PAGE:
Wellbrock is already qualified for the 800 and 1500 m freestyle, and he will also compete in the 10 km Olympic Open Water event. With such a demanding program, the question is whether he wants to compete in the 400 m. Henning Mühlleitner would only get the spot at the Olympic Games if Wellbrock would renounce. Lukas Märtens ducked under the German Olympic norms in the  200m, 400m and 1500m freestyle.


1 Elijah
Brisbane, AUS
2 Jack
Brisbane, AUS
3 Florian
GER 3:44.35 04/10 2021 Madgeburg German Olympic Qualifier
Madgeburg, GER
4 Felix
AUT 3:44.51 04/08 2021 Swim Open Stockholm
Stockholm, SWE
5 Gabriele
ITA 3:44.65 03/31 2021 Italian Olympic Trials
Riccione, ITA
6 Marco
De Tullio
ITA 3:44.74 03/31 2021 Italian Olympic Trials
Riccione, ITA
7 Martin
Kazan, RUS



Women’s 400m FREESTYLE – FINAL

  • German National Record  – Sarah Köhler, 4:03.96
  • German OLY QT – 4:07.50 (standard has been reached by: Isabel Gose 4:06.11, Leonie Kullmann 4:07.44)


  1. Isabel Gose 4:05,19
  2. Sarah Köhler 4:05,99
  3. Leonie Kullmann 4:06,25

Two women have already broken the 400m freestyle standard in previous Olympic qualifying events: Isabel Gose and Leonie Kullmann. Gose managed to improve her personal best tonight again and set a new German national age group record for the 19-year-olds in 4:05.19. German record holder Sarah Koehler came in second in 4:05.99. With a personal best of 4:06.25, Leonie Kullmann is again under the Olympic standard, but only the third fastest German swimmer. The performances of the three Germans influence the actual World Ranking: Isabel Gose reaches the third place, Sarah Köhler places fifth and Leonie Kullman seventh.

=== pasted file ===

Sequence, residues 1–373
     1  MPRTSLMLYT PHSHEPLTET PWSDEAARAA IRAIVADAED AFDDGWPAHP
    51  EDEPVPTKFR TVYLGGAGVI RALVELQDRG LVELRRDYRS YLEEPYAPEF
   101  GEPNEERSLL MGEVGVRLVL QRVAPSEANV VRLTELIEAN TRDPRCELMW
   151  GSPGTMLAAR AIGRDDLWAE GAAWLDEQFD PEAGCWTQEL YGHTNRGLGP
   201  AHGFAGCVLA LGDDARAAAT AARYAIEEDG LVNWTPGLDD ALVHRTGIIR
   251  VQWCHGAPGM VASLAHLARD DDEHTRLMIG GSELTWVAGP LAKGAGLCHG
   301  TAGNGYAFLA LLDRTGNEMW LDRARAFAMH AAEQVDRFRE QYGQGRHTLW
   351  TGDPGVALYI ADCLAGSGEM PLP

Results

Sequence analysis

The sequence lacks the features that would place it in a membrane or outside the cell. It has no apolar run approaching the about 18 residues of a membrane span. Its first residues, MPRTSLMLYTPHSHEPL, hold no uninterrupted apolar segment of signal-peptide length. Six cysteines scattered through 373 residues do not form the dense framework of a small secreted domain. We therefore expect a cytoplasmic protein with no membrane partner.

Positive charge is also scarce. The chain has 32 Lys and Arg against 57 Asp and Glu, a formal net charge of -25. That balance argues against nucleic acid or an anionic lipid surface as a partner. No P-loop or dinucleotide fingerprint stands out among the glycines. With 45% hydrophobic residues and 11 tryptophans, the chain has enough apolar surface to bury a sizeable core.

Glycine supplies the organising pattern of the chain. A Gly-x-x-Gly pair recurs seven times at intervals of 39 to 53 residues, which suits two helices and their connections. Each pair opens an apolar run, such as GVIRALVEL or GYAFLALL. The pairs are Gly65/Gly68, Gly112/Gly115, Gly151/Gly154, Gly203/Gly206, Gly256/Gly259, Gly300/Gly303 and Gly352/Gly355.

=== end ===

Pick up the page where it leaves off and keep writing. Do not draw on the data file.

Men’s 400m IM – FINAL

  • German National Record – Jacob Heidtmann, 4:12,08
  • German OLY QT – 4:15,00
  1. Jacob Heidtmann, 4:14.00
  2. Danny Schmidt, 4:19,04

Only  two men took up the challenge over the 400m medley. German record holder Jacob Heidtmann, who is already qualified for the Olympic Games, took the victory in 4:14.00. Danny Schmidt finished in 4:19.04, just missing his lifetime best of 4:18.82.



As a refresher, the Olympic standards, German records, and already qualified swimmers in each Olympic event are as follows:

Women Men
Already qualified for Tokyo German Record German Olympic norm Event German Olympic norm German Record Already qualified for Tokyo
23.73 24.75 50 freestyle 21.95 21.81
52.07 54.10 100 freestyle 48.50 48.24
1:55.68 1:57.20 200 freestyle 1:46.70 1:42.00
4:03.96 4:07.50 400 freestyle 3:46.40 3:40.07
Sarah Köhler 8:16.43 8:30.00 800 freestyle 7:50.00 7:43.03 Florian Wellbrock
Sarah Köhler 15:48.83 16:16.00 1500 freestyle 14:59.00 14:36.15 Florian Wellbrock
1:07.01 1:07.00 100 breaststroke 59.85 59.15
2:25.00 2:24.90 200 breaststroke 2:09.90 2:07.47 Marco Koch
Laura Riedemann 59.77 1:00.00 100 backstroke 53.70 52.27